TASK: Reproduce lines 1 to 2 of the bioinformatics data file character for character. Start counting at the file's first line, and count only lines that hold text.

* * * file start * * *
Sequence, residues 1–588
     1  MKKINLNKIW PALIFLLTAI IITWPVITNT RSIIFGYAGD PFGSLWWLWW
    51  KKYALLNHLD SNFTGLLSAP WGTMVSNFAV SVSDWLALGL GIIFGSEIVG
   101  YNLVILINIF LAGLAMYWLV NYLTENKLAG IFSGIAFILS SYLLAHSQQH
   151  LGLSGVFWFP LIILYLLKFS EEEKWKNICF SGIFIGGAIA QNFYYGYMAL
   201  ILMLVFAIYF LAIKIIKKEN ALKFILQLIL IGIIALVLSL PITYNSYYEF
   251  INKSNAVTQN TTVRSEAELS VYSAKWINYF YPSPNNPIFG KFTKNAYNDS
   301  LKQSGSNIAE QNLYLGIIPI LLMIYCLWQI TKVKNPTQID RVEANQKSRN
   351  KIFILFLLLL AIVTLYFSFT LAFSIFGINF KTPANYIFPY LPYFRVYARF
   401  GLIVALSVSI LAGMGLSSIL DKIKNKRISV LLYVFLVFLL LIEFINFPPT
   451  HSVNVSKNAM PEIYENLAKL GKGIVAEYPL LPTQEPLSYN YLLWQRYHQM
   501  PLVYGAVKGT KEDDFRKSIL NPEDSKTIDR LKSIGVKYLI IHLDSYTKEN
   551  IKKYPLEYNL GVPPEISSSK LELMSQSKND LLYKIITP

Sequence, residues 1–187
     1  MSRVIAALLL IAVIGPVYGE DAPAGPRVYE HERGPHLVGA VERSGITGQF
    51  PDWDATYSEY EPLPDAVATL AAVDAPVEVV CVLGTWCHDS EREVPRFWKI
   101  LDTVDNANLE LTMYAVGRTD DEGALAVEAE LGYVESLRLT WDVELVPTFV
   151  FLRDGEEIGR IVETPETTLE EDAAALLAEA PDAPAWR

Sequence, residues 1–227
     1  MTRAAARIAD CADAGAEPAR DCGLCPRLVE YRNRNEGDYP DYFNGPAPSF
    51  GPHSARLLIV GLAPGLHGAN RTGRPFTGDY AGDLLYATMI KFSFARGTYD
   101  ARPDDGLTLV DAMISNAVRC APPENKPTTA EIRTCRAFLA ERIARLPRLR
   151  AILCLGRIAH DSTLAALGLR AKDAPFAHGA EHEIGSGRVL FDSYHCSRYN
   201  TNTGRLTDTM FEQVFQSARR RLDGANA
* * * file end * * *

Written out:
Sequence, residues 1–588
     1  MKKINLNKIW PALIFLLTAI IITWPVITNT RSIIFGYAGD PFGSLWWLWW